Camp Lejeune Lawsuit Updates – February 2024

Camp Lejeune Lawsuit Updates – February 2024

If you were stationed at Camp Lejeune Marine Corps Base, or lived or worked on base, between 1953 and 1987, you were exposed to toxic water and the potential for serious medical problems. Whether you have already filed a claim pursuant to the Camp Lejeune Justice Act, or you’re considering bringing a claim, we are providing Camp Lejeune lawsuit updates so you know how this enormous mass tort action is proceeding.

The Camp Lejeune Justice Act (CLJA) became law in August 2022 and paved the way for injured Marines, their families, and civilian workers to seek compensation for their injuries related to the water contamination. Under the CLJA, all potential parties must file an administrative claim with the Judge Advocate General’s Office (JAG) of the Department of the Navy to start. The JAG has six months to review each claim before the injured party can file a Camp Lejeune water contamination lawsuit against the government to recoup their losses.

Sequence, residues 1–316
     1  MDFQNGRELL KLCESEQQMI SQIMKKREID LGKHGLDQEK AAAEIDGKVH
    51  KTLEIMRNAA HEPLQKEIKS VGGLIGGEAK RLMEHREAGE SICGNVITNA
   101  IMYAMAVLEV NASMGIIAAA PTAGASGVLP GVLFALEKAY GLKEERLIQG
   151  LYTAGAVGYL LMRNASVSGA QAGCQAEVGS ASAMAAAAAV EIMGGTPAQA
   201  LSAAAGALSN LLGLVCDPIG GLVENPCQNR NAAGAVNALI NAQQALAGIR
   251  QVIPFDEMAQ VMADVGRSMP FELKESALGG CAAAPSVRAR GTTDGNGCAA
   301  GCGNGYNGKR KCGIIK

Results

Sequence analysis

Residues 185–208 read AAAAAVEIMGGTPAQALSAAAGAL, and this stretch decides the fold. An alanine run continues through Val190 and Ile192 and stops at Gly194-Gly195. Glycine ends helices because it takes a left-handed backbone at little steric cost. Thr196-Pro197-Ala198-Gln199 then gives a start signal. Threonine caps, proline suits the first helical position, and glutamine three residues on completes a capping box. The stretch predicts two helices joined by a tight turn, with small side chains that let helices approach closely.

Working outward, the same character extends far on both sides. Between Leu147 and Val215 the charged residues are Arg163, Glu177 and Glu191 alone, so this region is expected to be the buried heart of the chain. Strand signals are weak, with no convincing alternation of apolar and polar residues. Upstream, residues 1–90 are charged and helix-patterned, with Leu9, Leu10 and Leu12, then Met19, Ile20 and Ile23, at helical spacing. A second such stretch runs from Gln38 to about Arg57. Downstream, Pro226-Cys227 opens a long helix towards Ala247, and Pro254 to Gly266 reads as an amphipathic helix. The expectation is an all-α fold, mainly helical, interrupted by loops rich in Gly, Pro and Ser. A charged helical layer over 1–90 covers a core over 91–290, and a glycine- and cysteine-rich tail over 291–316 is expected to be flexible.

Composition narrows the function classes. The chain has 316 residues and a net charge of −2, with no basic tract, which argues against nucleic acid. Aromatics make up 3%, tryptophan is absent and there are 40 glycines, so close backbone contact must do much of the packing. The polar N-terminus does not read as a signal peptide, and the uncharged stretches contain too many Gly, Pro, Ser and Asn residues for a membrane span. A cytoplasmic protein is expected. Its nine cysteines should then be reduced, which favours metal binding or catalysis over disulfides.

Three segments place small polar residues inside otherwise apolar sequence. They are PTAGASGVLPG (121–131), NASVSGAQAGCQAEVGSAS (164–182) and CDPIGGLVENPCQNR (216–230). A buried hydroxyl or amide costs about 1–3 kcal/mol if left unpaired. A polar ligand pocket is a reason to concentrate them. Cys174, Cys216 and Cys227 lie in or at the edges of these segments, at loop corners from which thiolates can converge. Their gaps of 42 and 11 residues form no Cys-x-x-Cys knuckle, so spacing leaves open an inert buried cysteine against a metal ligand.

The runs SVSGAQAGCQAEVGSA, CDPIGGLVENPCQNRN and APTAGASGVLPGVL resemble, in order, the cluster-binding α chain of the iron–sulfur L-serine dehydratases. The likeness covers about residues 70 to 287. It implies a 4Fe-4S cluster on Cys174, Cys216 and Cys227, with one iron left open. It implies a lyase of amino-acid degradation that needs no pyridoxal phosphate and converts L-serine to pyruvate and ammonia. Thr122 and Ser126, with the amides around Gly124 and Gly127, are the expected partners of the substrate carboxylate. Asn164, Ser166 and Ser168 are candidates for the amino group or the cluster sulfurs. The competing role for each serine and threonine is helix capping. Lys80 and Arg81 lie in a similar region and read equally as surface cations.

What is the Administrative Status of Camp Lejeune Claims and Lawsuits?

Unfortunately, even though the CLJA provided clear instructions about how these claims are supposed to be handled, the government is not addressing claims as expected and the entire litigation process is not working as planned. Specifically, the JAG has been promising an electronic document portal which will allow claimants to submit evidence in support of their claims for months. However, no portal has been developed yet.

Latest Updates about Camp Lejeune Lawsuit

A multi-district litigation (MDL) has been created to consolidate CLJA cases for pre-trial procedures including evidence discovery, motion hearing, and settlement discussions. Federal District Court Judge Terrence W. Boyle and a few other federal judges were appointed to handle the thousands of cases expected in the Camp Lejeune MDL.